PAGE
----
Jools Page discusses the concept of care with Ann Clare
These concepts are applied in the Attachment Toolkit.
AC: Can we now look please about the constructions of care as opposed to intimacy. Can you tell us more about that?
JP: Yes, I think that ‘care’ is obviously a word that is commonly used in Early Years Practitioner’s language. practitioners are paid to care and to educate young children, so therefore it’s a set of skills that they would expect to hold. care in education is inseparable in terms of policy language and so therefore they are very familiar with this terminology, but when it comes to deciding where care sits alongside intimacy and love I think it becomes much more problematic, and, this is something again we wanted to try to understand, in the project, is the difference – or is there a difference – between care and love and where does that sit within this construct of care and understanding about love.
AC: Going back to, you say, there is a difficulty about unpicking, can you unpick that a little bit more, about care and how it sits within settings?
JP: I think the challenge here, Ann, is that, because there is this, sense that care is a, erm as I say, a commonly used phrase, it’s a commonly used term, and so therefore it’s one that practitioners are comfortable with. They see it written down, it’s one that is used in their everyday practice, and they feel comfortable with it – it doesn’t feel such an emotionally laden term, such as ‘love’ and ‘intimacy’, so therefore they feel comfortable using that term. So in the project what we wanted to do was to find out what do they mean by care? Do they think there’s a difference between care and love? And if so, what is it? And this has been some of the challenge for them to be able to reflect on and think about this. Not only the terminology but what emotions are evoked when they start to think about these, these phrases.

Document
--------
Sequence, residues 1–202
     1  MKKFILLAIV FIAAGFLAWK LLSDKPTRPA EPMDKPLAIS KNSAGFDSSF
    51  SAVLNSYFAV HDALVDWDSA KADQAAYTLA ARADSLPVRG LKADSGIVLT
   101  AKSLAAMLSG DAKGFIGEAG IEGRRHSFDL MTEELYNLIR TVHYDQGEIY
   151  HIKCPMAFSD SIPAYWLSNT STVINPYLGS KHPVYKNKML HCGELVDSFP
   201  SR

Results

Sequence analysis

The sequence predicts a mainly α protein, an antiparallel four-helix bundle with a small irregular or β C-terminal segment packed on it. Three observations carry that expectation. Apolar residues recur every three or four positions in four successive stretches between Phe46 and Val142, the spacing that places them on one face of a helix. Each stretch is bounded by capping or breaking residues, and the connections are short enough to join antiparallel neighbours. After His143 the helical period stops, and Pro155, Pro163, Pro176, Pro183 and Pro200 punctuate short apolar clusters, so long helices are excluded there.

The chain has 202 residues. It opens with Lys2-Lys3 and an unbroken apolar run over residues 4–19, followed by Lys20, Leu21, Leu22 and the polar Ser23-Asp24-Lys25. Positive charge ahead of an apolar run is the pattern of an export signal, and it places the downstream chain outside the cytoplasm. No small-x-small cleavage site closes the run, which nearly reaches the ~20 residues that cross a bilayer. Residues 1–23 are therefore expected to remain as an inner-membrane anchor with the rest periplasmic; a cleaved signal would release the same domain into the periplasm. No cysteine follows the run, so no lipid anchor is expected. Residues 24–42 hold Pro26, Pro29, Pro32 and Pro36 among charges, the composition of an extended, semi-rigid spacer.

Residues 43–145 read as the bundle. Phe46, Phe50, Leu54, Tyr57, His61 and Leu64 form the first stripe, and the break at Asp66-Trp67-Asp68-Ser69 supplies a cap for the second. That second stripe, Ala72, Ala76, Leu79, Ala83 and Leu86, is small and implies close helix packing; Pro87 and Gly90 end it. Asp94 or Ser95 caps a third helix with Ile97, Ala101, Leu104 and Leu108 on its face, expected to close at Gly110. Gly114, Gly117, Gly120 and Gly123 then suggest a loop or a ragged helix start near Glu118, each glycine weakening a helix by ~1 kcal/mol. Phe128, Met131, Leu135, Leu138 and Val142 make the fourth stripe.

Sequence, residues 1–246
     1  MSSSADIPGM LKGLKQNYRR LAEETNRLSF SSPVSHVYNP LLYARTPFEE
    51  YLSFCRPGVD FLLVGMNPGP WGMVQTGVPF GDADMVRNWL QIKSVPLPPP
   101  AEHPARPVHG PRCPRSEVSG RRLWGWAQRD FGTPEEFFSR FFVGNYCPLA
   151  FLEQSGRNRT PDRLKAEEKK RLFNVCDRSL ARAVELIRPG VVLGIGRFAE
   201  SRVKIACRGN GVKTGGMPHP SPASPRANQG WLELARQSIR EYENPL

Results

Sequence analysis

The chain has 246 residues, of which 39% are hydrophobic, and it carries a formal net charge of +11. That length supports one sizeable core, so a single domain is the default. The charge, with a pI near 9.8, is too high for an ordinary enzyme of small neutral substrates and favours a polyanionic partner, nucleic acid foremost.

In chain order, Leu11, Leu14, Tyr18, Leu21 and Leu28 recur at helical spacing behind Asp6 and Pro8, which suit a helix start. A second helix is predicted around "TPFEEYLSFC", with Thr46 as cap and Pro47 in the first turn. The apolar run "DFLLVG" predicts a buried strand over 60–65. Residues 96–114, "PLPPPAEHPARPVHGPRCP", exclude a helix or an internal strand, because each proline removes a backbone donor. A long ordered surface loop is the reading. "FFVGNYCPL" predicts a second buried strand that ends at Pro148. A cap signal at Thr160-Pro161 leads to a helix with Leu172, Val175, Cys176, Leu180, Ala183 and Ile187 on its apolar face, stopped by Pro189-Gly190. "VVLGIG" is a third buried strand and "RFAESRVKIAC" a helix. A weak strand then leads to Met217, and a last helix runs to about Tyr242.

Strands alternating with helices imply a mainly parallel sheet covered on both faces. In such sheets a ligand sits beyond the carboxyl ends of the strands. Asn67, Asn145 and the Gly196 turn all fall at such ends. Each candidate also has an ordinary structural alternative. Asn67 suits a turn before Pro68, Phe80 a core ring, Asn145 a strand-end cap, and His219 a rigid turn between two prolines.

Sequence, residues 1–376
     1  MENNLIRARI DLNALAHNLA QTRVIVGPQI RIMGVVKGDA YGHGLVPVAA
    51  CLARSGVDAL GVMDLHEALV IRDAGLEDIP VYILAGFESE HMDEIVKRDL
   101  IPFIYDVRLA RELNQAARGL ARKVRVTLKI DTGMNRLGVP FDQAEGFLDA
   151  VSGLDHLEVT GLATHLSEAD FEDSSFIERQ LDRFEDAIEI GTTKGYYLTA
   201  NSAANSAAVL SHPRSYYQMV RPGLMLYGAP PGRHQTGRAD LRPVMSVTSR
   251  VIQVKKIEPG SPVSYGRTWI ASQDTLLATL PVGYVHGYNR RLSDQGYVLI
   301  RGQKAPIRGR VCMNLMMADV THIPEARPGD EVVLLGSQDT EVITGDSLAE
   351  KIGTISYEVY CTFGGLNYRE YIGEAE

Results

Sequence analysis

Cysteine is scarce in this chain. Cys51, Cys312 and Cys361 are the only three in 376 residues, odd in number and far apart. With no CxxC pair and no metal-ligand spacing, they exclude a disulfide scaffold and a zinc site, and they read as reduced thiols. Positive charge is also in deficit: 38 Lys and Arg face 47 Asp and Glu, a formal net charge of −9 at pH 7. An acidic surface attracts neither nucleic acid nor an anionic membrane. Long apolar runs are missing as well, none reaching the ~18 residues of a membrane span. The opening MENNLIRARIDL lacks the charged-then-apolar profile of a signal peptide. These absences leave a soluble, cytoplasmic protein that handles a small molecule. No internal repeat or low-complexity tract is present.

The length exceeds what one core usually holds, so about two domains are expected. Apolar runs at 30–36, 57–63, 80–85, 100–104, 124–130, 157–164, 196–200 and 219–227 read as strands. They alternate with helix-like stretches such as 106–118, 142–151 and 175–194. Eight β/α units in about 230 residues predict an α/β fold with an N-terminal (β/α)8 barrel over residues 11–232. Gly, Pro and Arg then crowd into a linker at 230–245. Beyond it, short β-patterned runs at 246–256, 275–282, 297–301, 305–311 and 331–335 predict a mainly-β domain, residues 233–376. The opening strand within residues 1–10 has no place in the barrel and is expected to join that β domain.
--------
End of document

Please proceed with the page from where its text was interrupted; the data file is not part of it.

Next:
AC: So do you think that some of them are definitely caught, if you like, marking a line between the words ‘love’ and ‘care’? So instead of saying, ‘I love you’ they would say ‘I care for you’?
JP: I think for some practitioners, they, feel uncomfortable using terms which they have been led to believe someway, even if it may just be in their own minds, that erm ‘love’ is not a word that is necessarily appropriate to use in professional roles with young children, that even if they feel comfortable with the word, they may use ‘care’ instead, or ‘deep caring’ is a term that I’ve come across before, or ‘I very deeply care’ about a child, but when erm we started to try to understand that and what that ‘deep caring’ might be, it seems to fit with some of the notions and the constructs of love that are coming forward in what other people might construct as love, and certainly within the theorising of that, within my understanding, the theories that I have been using in my own work.
AC: Thank you.